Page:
September 30th, 2014

No Difference in Survival Found for Different Aortic Valve Prostheses

A new study published in JAMA suggests that younger patients who need aortic valve replacement (AVR) may now be more eligible to receive bioprosthetic valves. Each year about 50,000 people in the U.S. undergo AVR surgery. Older patients generally receive bioprosthetic valves because these valves are less prone to clotting and bleeding complications. Surgeons are often reluctant to use bioprosthetic devices in younger patients because these devices are more likely to deteriorate and require a repeat operation.

Researchers at Mt. Sinai Medical Center analyzed data from 4253 patients in New York State who were 50-69 years of age and who received a bioprosthetic or mechanical valve. After adjusting for differences in baseline risk, they compared clinical outcomes associated with the two valves in 1001 matched patient pairs.

There were no differences in mortality or stroke between the two groups. There were more reoperations in the bioprosthesis group, while there were more major bleeding episodes in the mechanical prosthesis group. Here are the cumulative 15-year rates:

  • Mortality: 60.6% in the bioprosthesis group versus 62.1% in the mechanical prosthesis group
  • Stroke: 7.7% versus 8.6%
  • Reoperation: 12.1% versus 6.9%
  • Major bleeding: 6.6% versus 13% *

“The absence of a significant survival benefit associated with one prosthesis type over another focuses decision making on lifestyle considerations, including the burden of anticoagulation medication and monitoring, and the relative risks of major morbidity—primarily stroke, reoperation, and major bleeding events,” wrote the authors.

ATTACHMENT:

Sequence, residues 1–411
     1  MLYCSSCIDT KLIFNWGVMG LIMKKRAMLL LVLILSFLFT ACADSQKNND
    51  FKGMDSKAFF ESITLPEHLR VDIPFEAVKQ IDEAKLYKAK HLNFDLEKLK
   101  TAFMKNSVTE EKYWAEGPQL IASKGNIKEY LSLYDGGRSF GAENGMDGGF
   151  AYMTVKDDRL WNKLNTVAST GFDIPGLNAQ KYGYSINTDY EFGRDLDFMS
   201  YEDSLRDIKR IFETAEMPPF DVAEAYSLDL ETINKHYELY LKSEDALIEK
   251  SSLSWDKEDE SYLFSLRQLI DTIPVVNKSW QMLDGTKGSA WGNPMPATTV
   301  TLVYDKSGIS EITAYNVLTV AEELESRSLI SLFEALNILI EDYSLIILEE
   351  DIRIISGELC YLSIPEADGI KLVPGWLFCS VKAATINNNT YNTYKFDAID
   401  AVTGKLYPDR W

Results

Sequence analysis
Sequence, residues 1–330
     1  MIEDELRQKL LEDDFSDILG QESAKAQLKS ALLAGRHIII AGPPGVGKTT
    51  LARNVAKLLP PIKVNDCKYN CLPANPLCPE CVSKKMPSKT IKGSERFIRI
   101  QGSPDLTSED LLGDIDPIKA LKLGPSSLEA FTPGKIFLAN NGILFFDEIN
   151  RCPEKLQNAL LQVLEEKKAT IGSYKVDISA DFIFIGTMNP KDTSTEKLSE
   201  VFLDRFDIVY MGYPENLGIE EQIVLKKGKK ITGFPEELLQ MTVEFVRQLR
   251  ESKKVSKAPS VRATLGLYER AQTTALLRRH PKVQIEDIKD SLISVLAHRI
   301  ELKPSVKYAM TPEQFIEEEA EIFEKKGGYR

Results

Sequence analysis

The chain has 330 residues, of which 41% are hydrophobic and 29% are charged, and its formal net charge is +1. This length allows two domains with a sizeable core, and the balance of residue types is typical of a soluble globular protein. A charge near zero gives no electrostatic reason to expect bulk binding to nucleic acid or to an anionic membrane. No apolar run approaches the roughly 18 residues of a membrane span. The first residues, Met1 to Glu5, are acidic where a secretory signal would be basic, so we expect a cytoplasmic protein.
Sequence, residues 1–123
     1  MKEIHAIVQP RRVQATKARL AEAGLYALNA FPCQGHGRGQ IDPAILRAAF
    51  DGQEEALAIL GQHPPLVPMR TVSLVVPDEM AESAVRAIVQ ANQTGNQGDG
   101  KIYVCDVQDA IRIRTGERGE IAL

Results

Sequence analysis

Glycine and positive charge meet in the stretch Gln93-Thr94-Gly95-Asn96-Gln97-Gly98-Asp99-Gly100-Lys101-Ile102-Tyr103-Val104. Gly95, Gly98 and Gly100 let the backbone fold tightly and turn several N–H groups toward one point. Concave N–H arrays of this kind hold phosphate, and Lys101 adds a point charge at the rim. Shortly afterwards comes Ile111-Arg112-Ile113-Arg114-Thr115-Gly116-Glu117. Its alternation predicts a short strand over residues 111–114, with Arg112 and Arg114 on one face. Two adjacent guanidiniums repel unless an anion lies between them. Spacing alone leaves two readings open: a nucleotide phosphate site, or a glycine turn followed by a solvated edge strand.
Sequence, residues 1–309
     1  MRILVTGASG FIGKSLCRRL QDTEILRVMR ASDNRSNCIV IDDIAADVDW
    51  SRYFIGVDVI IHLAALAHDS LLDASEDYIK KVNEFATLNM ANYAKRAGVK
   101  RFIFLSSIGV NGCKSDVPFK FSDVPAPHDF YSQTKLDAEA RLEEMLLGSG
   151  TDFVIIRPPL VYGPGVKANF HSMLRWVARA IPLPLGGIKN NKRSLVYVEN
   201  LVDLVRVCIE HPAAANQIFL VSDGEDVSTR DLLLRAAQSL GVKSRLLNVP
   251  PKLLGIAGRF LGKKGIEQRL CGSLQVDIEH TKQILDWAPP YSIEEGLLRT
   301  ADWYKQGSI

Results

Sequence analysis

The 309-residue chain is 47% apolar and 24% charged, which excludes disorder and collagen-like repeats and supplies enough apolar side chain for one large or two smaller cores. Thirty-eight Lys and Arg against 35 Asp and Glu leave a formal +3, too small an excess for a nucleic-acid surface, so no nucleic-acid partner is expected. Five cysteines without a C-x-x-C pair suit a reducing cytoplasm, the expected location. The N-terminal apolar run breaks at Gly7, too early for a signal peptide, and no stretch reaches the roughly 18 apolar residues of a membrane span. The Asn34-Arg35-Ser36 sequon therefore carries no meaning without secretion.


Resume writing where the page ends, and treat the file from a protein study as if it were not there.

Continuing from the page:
* When originally published, the percentages for major bleeding were accidentally reversed, but have been corrected.


2 Responses to “No Difference in Survival Found for Different Aortic Valve Prostheses”

  1. Abul hossain Lutful kabir, MD FRCS says:

    for younger patients re-operation is a problem so to consider a mechanical valve

  2. Note that major bleeding was 6.6% in the bioprosthetic group and 13.1% in the mechanical group (you have the numbers switched above).
    Also interesting is that the 30-day mortality rate was 18.7% after stroke, 9.0% after reoperation, and 13.2% after major bleeding. Bleeding thus a high risk event than reoperation.
    In addition, in an era when transcatheter aortic valve replacement for degenerative surgical valves (TAV-in-SAV) has a growing amount of literature supporting its use, I would much prefer a bioprosthetic valve than a mechanical valve. When that surgical bioprosthetic valve fails, put a transcatheter valve in.